Examination and analysis of documents and evidence, whether accounting records or some other evidence to be reviewed by an expert, will take time. Very often the expert will request records that the attorney will not have obtained; record production and discovery take additional time, and asking your expert to produce an opinion with only a portion of the relevant evidence can result in an incomplete opinion. The earlier you hire your expert, and the more time they have to examine or test records and develop their complete opinion, the greater their ability to provide an opinion which will benefit your client.

Hiring your testifying expert early gives you one other tactical advantage – if they work through the evidence and their opinion is contrary to your client’s interests, or if they discover additional evidence that the plaintiff didn’t find but that could be very damaging to your client – you still have time to change case strategies, conduct further investigation, negotiate a settlement or take other actions to try to better your case. If you’ve waited until the last minute to hire the expert, there may be insufficient time to alter your case strategy.

Where should you find your expert? Whether you’re seeking a consulting expert to strategize as part of the legal team, or a testifying expert to give their neutral opinion in court, the best expert referrals come from respected attorneys who have worked closely with the expert and their firm. Experts who volunteer as speakers for CLE hours are a great way to meet experts, and you’ve already seen the professional persona they’ll depict on the stand as a speaker. Whether they are engaging and informative, or dry and plodding as an instructor, this is how they will likely be perceived by the jury. If you meet a potential expert who is a sponsor or vendor at a legal conference, make sure you are speaking with the expert themselves, not a marketing person or lower level staff member.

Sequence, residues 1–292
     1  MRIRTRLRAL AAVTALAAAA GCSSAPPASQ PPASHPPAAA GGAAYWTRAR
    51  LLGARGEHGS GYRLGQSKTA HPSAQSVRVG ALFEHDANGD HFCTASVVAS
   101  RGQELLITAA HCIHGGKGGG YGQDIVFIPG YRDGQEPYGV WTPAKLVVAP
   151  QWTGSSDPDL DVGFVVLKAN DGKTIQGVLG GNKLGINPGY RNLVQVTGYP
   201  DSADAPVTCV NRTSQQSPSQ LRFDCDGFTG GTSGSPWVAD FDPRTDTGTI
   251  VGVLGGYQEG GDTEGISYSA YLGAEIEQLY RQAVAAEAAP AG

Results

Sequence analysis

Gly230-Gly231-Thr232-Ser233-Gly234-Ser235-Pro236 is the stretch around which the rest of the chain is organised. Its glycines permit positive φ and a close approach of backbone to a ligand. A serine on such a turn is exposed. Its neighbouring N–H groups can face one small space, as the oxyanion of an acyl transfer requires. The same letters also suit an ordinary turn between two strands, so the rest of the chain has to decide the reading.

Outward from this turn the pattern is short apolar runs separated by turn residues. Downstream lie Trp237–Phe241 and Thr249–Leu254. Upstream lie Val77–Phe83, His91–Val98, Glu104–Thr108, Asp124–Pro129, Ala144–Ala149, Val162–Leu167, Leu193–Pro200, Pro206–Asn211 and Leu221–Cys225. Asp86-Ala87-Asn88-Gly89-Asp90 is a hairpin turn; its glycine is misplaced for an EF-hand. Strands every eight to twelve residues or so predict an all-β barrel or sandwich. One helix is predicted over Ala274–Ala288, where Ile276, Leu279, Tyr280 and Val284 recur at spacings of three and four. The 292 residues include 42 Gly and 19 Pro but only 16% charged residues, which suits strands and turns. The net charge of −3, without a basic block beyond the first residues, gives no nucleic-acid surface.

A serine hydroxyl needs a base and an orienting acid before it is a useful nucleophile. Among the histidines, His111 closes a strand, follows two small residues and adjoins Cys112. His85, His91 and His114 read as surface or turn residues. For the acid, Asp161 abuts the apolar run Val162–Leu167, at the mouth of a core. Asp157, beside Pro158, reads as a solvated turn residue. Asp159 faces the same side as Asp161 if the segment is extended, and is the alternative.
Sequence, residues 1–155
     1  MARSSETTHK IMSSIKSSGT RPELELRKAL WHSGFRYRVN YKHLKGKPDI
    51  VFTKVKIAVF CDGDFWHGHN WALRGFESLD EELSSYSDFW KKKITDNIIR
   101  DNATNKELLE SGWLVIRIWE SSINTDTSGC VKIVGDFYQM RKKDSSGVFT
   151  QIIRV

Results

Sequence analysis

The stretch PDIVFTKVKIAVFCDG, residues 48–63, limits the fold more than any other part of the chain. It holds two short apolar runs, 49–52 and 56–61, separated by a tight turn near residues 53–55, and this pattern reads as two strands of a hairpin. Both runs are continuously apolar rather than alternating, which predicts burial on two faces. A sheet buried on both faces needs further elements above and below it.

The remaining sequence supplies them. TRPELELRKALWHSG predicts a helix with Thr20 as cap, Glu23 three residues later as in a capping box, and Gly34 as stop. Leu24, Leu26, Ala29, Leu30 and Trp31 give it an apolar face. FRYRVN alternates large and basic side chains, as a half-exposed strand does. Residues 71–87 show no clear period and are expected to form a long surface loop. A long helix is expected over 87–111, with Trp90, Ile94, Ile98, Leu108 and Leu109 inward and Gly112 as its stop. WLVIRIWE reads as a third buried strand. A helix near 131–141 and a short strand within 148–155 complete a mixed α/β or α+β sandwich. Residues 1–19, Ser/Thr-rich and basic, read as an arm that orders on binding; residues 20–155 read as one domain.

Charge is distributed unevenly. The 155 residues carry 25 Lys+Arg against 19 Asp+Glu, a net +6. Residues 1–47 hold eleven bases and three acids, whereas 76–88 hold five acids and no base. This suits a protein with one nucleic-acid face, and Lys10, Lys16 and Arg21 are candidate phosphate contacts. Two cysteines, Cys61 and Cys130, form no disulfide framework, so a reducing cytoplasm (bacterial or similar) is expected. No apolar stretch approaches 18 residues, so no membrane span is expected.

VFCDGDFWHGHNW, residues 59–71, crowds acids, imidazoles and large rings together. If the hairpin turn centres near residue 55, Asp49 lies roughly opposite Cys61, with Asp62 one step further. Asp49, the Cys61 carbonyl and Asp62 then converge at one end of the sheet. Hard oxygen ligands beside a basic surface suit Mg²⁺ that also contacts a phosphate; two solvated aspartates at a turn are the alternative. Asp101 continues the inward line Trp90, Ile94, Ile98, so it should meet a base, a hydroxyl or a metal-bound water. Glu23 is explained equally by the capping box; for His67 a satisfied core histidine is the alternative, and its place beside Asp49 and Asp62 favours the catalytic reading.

There are websites that accept fees from individuals to promote them as national experts. While some of these experts are exceptionally qualified, others are not well-respected. Be wary of any expert who won’t give you fifteen minutes of their time in a free consultation to discuss the general facts of your case to determine their suitability and experience.

Highly qualified experts are in high demand, and are booked out months and sometimes a year or more in advance. Waiting until a few weeks before the expert disclosure is due means that you risk the expert being unavailable, or worse, finding that your preferred expert has already been retained by the other side. If your expert doesn’t ask about your client and party names to check for conflicts in the initial conversation, you should be cautious – you might be talking to the expert already retained by the plaintiff’s counsel (or this expert doesn’t have a good understanding of legal conflicts).

Whatever specialty you require, seek out an expert who routinely works both sides of the aisle, who is known for the integrity of their opinion regardless of which side hired them, and who can explain technical material without using industry jargon or terminology that the jury will find confusing or downright intractable. Finally, listening to your expert explain accounting or other technical material should not be an experience akin to watching paint dry – if you don’t find the expert’s explanations and discussions enlightening and interesting, neither will your jury.

Is it ever too soon to start seeking out an expert? If you’re going to specialize in a particular area of law, it might be worth your time to seek out experts in that specialty even before you have a specific case. When it comes to engaging an expert, whether as a consultant or as a testifying expert, the earlier in the case you retain them, the greater the likelihood that they can assist you in your quest to obtain the best possible outcome for your client..

Beth Mohr, CFE, CAMS, CCCI, MPA, PI, is a Law Enforcement / Police Misconduct expert with over 30 years of sworn and non-sworn investigative experience. Ms. Mohr is a Certified Fraud Examiner, Certified Anti-Money Laundering Specialist (CAMS), and a Certified Cyber Crimes Investigator (CCCI). She is also a Private Investigator licensed in New Mexico, Arizona, and California. Ms. Mohr has testified as an expert in New Mexico, Arizona, California, and Washington state, in federal and state courts, on a variety of subjects, including police procedures, police misconduct, white collar crime and fraud examinations.